The easiest way is to sow the seeds where they’re to grow, spacing them about 60cm (2ft) apart, sowing a few extra in case slugs eat some of the seedlings.  Alternatively sow them in a seed bed 5cm apart and transplant them to their final place once there’s space.

Hoe often to keep weeds down and protect from slugs and caterpillars, which are their main pests along with cabbage root fly.

When the plants start to flower, pull them up and compost them.

7 Comments

  • Reply Margaret November 30, 2010 at 8:46 pm

    I first 'discovered' kale last year when I bought some young plants from a plant stall. They did really well,much better than the brussels sprouts. I found them a really useful vegetable. I stir fried them and used in soups.
    I grew my own from seed this year and tried a different variety which is doing well.

  • Reply Greenside Up November 30, 2010 at 9:00 pm

    It's great to hear we're not the only Kale eaters Margaret! I haven't saved the seed yet but may leave some to go to seed this year and give it a go.

  • Reply Mr. H. December 1, 2010 at 2:41 am

    I first discovered kale about 12 years ago, never even heard of it before that. Now, like you, we are avid growers of any brassica that we can grow…especially kale. I think your Ragged Jack is what we call Russian kale and it is perhaps my favorite variety of kale. I will have to try your Colcannon recipe, it sounds like something we would really enjoy.

    Being half Irish, I am always curious about crops that were grown in Ireland in days gone by. Do you know whether or not kale is something that was commonly grow in Ireland in the past or is it a newer crop?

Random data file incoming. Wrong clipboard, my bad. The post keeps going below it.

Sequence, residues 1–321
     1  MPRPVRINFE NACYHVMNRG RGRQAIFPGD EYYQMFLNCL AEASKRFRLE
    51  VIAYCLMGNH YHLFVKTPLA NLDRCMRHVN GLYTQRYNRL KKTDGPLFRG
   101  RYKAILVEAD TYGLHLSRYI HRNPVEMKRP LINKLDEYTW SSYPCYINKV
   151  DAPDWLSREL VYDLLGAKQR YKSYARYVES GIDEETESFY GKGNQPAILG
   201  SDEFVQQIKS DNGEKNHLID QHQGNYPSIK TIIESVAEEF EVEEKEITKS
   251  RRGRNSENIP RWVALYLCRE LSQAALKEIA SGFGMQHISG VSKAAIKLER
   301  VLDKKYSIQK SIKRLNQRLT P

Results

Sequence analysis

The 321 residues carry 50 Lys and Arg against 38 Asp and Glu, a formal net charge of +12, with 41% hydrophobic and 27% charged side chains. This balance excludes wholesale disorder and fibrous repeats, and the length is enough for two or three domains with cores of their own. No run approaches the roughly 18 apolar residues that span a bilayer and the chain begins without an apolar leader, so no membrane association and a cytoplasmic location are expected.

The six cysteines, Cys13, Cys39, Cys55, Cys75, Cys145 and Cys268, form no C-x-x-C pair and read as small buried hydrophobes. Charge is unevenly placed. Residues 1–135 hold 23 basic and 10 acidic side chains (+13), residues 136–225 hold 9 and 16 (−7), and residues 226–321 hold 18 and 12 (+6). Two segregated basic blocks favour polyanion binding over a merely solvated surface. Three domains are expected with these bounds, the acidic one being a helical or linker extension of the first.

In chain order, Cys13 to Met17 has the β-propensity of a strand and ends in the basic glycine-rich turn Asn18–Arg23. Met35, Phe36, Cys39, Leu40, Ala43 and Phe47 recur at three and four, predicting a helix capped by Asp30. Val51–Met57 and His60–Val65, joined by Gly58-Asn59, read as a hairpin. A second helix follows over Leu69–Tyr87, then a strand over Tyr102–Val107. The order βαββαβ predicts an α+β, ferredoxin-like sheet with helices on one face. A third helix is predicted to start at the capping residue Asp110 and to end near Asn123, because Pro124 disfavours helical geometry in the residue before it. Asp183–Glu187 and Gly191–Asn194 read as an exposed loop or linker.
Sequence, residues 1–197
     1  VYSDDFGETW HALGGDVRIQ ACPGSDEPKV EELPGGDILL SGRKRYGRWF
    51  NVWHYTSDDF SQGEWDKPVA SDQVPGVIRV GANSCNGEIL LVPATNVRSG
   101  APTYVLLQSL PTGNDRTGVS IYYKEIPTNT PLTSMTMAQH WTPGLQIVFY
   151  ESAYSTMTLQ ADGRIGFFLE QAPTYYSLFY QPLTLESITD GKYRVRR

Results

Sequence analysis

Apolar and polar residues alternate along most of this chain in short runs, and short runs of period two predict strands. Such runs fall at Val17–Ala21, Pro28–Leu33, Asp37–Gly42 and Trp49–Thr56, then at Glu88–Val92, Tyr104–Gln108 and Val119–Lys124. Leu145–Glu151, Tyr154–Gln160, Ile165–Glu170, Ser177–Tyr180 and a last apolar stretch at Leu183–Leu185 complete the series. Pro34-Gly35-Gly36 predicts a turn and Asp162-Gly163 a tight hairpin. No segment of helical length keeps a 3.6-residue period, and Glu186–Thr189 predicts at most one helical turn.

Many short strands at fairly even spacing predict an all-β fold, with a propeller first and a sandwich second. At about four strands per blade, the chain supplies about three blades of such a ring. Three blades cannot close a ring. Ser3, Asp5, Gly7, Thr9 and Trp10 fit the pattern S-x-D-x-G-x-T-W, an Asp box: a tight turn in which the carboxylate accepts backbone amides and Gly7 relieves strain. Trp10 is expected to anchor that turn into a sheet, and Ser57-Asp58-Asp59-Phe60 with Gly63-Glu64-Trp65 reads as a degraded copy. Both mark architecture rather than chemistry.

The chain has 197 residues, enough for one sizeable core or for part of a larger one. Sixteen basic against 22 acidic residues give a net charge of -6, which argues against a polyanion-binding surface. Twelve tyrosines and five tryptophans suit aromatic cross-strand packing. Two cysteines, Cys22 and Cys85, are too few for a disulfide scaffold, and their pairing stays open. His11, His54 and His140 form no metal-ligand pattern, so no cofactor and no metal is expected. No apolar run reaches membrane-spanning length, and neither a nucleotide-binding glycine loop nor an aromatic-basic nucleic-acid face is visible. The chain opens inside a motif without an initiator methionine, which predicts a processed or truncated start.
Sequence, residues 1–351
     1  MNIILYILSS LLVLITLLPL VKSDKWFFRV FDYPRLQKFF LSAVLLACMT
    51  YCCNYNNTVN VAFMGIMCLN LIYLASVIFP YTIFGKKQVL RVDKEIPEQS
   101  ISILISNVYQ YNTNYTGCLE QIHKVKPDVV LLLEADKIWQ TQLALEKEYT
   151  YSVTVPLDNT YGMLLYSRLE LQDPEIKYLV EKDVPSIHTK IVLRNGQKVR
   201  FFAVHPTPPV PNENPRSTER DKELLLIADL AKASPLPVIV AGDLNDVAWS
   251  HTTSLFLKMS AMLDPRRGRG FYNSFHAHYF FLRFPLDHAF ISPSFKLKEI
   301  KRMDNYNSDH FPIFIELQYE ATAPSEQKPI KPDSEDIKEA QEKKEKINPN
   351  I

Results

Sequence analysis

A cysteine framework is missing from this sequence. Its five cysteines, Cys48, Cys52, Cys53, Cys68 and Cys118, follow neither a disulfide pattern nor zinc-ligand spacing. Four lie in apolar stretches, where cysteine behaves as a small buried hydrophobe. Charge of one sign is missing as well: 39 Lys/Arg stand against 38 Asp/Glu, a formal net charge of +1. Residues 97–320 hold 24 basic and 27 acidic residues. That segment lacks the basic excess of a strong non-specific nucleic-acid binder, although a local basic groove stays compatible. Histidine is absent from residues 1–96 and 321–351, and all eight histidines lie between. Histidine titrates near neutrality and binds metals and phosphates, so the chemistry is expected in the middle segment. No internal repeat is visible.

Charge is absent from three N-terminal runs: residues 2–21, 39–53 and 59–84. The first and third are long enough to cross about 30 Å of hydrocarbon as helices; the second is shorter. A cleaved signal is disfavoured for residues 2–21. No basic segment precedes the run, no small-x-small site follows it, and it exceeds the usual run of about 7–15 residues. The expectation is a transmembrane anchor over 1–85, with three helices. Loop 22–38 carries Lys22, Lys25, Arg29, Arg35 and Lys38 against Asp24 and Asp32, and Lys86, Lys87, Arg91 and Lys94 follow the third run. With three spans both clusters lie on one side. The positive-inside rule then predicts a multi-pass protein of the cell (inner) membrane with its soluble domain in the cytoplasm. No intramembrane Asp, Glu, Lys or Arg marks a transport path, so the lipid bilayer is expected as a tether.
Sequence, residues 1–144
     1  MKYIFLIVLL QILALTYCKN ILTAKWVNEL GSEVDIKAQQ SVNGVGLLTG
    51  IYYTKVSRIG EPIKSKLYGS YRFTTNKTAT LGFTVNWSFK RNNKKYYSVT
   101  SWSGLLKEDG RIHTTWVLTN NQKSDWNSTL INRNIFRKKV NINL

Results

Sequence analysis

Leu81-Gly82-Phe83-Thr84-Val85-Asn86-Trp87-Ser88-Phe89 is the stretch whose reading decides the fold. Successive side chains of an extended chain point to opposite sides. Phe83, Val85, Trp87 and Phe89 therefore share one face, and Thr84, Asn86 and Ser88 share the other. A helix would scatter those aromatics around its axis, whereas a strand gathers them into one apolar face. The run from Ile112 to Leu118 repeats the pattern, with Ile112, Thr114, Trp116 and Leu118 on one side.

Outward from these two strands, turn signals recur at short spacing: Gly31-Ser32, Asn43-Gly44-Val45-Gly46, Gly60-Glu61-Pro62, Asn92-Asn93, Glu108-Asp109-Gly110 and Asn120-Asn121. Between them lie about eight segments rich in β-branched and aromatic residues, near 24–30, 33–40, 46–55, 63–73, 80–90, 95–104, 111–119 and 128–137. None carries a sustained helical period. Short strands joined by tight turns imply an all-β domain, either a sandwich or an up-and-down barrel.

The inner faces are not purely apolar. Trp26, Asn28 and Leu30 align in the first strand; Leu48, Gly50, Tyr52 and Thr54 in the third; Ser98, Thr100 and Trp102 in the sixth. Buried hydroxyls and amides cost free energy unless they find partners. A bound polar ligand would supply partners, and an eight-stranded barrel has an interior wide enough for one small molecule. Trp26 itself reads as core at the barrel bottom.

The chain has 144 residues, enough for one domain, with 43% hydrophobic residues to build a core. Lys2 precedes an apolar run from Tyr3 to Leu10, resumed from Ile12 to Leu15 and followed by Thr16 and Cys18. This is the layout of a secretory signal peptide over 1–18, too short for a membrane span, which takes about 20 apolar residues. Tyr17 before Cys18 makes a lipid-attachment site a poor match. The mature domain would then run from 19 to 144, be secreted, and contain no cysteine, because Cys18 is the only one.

• Reply Greenside Up December 1, 2010 at 4:01 pm

    Hi Mr H. You're right about Ragged Jack – I've heard it referred to as Russian kale and Black Russion too. I wasn't sure about the history of Kale in Ireland so I googled it and found a book you might be interested in:

    A New History of Ireland: Prehistoric and early Ireland By Theodore William Moody, Dáibhí Ó Cróinín, Francis X. Martin, Francis John Byrne

    In particular the following link in the book about growing vegetables here (hope this works, you can probably cut and paste if not):

    http://books.google.ie/books?id=SJSDj1dDvNUC&pg=PA567&lpg=PA567&dq=tradition+of+kale+growing+ireland&source=bl&ots=Z-UyPB31pw&sig=QgSk29Ndd19B6YcHBa0W44O9_SI&hl=en&ei=D1_2TOnFG8GH4QaPxv2QBw&sa=X&oi=book_result&ct=result&resnum=7&ved=0CD4Q6AEwBjgK#v=onepage&q&f=false

    I was especially interested to read that Kale has been grown here since at least c.800 and heading cabbage not until the 17th century! Charlock was very popular too and in the neolithic diet! Perhaps that's why it grows so well for us!

  • Reply Mr. H. December 2, 2010 at 1:42 am

    Thanks so much for the link it was very interesting and I was surprised to hear that they might have also grown broad beans as well. It looks as though I can read the whole book online and I look forward to reading more about early Ireland.

  • Reply Greenside Up December 2, 2010 at 1:59 am

    Glad you liked it :o)

  • Reply 14 vegetables to grow in a small gardenGreenside Up October 31, 2016 at 12:16 pm

    […] – there are many types of kale from scarlet to Russian, curly green to Tuscany. If you harvest a few leaves off each plant, rather than stripping the plant bare, it will grow more […]